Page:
Dear friends of The Lonely Photon,
I’m sure by this time you will have noticed the marvellous colours all around, the slightly cooler temperatures and progressively longer, darker nights. And I’m sure you know what this means: yes, Autumn is back!
Apart from being my favourite season, this is also the best time of the year for astronomers and astrophotographers as the sky plumes with magnificent jewels and breath-taking sights.
Some of the largest galaxies (including Andromeda and Triangulum) are climbing up quickly, the planets keep on dancing with the Moon and other objects while vibrant nebulas take over the sky again.
And speaking about nebulas, I want to introduce you to my latest projects and possibly my best works so far.
The North America and Pelican nebulas
This is a large emission nebula located some 2,600 light years from Earth, in the constellation Cygnus.
The left part of the nebula is informally known as the North America Nebula, due to its resemblance in shape to the continent. The region equivalent to the area between Mexico and Central America is known as the Cygnus Wall, the area of the nebula with the highest star formation rate.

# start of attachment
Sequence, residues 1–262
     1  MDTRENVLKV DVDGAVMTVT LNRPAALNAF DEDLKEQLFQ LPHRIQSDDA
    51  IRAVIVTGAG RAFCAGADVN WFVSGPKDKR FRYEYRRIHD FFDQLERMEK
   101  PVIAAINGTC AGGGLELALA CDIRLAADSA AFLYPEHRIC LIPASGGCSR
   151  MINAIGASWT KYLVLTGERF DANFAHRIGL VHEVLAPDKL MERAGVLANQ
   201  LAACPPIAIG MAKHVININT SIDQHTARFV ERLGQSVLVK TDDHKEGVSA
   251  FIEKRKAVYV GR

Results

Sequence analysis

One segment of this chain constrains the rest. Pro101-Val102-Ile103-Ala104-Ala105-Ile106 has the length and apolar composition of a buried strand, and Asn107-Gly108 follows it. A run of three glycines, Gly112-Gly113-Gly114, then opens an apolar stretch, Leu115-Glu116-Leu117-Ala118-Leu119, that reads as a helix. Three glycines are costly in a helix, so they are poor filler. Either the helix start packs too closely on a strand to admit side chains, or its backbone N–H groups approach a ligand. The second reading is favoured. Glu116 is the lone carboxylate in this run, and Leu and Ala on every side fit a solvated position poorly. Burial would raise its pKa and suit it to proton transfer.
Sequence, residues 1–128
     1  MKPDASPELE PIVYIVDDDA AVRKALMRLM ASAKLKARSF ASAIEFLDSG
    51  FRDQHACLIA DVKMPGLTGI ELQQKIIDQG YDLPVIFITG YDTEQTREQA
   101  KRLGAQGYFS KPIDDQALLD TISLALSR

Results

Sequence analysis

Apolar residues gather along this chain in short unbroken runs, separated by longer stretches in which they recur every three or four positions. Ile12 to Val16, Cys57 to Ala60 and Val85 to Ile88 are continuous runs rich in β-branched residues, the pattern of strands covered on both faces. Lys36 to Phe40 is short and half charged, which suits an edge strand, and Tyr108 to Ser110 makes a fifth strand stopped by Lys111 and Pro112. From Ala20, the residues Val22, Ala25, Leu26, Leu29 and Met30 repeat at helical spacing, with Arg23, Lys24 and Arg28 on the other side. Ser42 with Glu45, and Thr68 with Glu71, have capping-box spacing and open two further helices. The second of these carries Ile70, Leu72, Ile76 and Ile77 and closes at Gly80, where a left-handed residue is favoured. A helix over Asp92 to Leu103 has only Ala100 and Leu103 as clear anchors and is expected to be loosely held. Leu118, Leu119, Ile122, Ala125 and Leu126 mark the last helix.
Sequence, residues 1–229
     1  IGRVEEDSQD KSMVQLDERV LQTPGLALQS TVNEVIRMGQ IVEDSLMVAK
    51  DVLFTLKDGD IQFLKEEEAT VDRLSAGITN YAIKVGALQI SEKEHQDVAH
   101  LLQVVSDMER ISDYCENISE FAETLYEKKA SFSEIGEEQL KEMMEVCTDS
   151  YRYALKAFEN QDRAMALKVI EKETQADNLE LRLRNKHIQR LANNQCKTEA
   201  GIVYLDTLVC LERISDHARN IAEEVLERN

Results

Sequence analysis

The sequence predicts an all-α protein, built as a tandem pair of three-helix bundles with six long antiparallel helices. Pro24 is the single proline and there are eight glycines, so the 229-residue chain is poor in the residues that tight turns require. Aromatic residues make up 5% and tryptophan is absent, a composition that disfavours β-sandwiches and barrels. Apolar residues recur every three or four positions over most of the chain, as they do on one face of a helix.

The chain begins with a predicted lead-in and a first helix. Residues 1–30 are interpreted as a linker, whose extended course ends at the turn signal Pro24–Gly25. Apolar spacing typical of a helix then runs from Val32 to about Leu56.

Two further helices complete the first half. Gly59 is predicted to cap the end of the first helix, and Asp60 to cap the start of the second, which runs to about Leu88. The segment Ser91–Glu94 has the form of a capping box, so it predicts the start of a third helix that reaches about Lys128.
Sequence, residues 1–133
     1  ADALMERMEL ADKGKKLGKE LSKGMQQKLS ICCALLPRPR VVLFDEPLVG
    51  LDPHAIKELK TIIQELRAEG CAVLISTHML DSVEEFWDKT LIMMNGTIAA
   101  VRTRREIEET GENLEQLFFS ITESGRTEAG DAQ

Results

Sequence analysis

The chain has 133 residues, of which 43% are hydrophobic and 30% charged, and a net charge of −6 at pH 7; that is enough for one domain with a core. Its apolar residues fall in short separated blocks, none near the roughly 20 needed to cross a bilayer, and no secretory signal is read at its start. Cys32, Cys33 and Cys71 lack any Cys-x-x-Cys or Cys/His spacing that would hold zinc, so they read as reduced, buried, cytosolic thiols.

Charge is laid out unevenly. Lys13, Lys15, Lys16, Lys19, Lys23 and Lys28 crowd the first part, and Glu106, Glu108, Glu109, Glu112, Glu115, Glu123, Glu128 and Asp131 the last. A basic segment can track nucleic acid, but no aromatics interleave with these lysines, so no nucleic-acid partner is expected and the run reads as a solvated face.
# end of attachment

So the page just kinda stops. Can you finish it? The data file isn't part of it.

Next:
More info here: North America and Pelican
The Cygnus Loop
The Cygnus Loop is what astronomers call a large supernova remnant (SNR) -the leftovers of a massive stellar explosion that occurred 15,000 to 20,000 years ago. As the blast was enormous, the gas and dust that form this nebula are still expanding at incredible speed.
More info here: Cygnus Loop
The Elephant Trunk nebula
The Elephant Trunk is a “globule”, or a region of interstellar dust and gas, that takes its peculiar name from the resemblance to the proboscis of an elephant. This is part of a large but faint emission nebula (IC 1396) that lies around 2,400 light years from Earth, in the constellation Cepheus
More info here: Elephant Trunk
I hope you enjoyed the view, stay tuned for more.